6. Remove the inner and outer pads from the caliper. The brake pads may be held in place with wires or clips. Be careful not to damage these clips. Save them for reuse when the new pads are installed.
7. Once the pads have been removed from the calipers, inspect the calipers carefully to make sure they are not leaking any fluid, and that the piston dust seals are not cracked or damaged. If a caliper is leaking, it will have to be replaced or rebuilt with new piston seals. Cracked dust seals should also be replaced to help protect the pistons.
8. Use a large C-clamp to carefully push the caliper pistons back into the calipers. This is necessary so there will be enough clearance for the new (thicker) brake pads. It may be necessary to remove some fluid from the master brake reservoir so it does not overflow when the pistons are pushed back into the calipers as this will displace brake fluid back to the master cylinder.
9.Install the new inner and outer brake pads into the calipers. Replace any shims, springs or clips that were used with the original pads to hold them in place (unless new hardware or shims came with the new pads, in which case discard the old shims or hardware and replace with new). Apply a light coating of moly based brake lubricant (never ordinary grease) to the BACKS of the pads and to the points where they contact or rest against the calipers. Do NOT get any grease on the front (friction side) of the pads as this will ruin the pads and cause uneven braking.
10.Lubricate the caliper mounts and pins, and reinstall the pins or bolts, slide the caliper back into place over the rotor and tighten the mounting bolts to specifications with a torque wrench. If the original pins, bushings or bolts are badly corroded or damaged, replace them with new. Do NOT reuse badly corroded or damaged mounting hardware.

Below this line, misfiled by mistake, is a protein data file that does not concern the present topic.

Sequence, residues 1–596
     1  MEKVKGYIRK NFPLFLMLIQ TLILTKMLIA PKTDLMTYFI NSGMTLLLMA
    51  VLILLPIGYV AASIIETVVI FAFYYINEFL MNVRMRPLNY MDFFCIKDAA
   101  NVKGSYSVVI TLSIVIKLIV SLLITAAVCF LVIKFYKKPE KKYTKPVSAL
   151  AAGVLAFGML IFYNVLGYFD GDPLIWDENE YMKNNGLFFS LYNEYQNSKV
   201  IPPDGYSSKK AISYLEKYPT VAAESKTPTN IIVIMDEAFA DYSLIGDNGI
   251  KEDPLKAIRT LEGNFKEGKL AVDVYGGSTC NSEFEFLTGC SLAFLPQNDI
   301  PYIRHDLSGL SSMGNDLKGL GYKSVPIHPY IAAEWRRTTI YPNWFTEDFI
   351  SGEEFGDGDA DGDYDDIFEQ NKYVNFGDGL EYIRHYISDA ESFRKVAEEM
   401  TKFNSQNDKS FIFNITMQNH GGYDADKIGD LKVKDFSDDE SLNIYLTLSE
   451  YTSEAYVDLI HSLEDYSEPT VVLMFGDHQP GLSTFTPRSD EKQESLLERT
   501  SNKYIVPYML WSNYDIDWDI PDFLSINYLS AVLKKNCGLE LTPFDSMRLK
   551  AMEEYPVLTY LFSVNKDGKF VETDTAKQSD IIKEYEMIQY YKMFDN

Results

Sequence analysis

11. Remount the wheels on the hubs, tighten the lug nuts, then lower the vehicle until the tires are on the ground and final tighten the lug nuts to specifications with a torque wrench using an alternating star pattern (necessary for even loading and to prevent rotor distortion).
12. Start the engine and pump the brake pedal several times until the pedal feels firm. Do NOT drive the vehicle without first pumping the brakes to make sure your vehicle will stop when you apply the brakes! Then do a short test drive and do a series of gradual stops from about 30 mph with gradual braking. This will allow the pads to seat against the rotors and heat cure any uncured resins in the pads themselves. Some replacement pads also have a special coating that helps lubricate and seat the pads as they break in.
Do NOT slam on the brakes and avoid hard braking for the first couple hundred miles of driving.
Also Recommended When Changing Brake Pads: Change the Brake Fluid Too! If the brake fluid in you vehicle is more than 10 years old, or has over 100,000 miles on it, the corrosion inhibitors in the fluid are probably depleted, increasing the risk of corrosion inside your brake system. The fluid will also be saturated with moisture, which lowers the boiling temperature of the fluid and increases the risk of the fluid boiling and brake failure if the brakes get unusually hot as a result of continuous mountain driving or repetitive heavy braking. Use the type of brake fluid recommended by your vehicle manufacturer (typically DOT3 or DOT4). See the label on the master cylinder reservoir or the fluid specifications in your vehicle owners manual.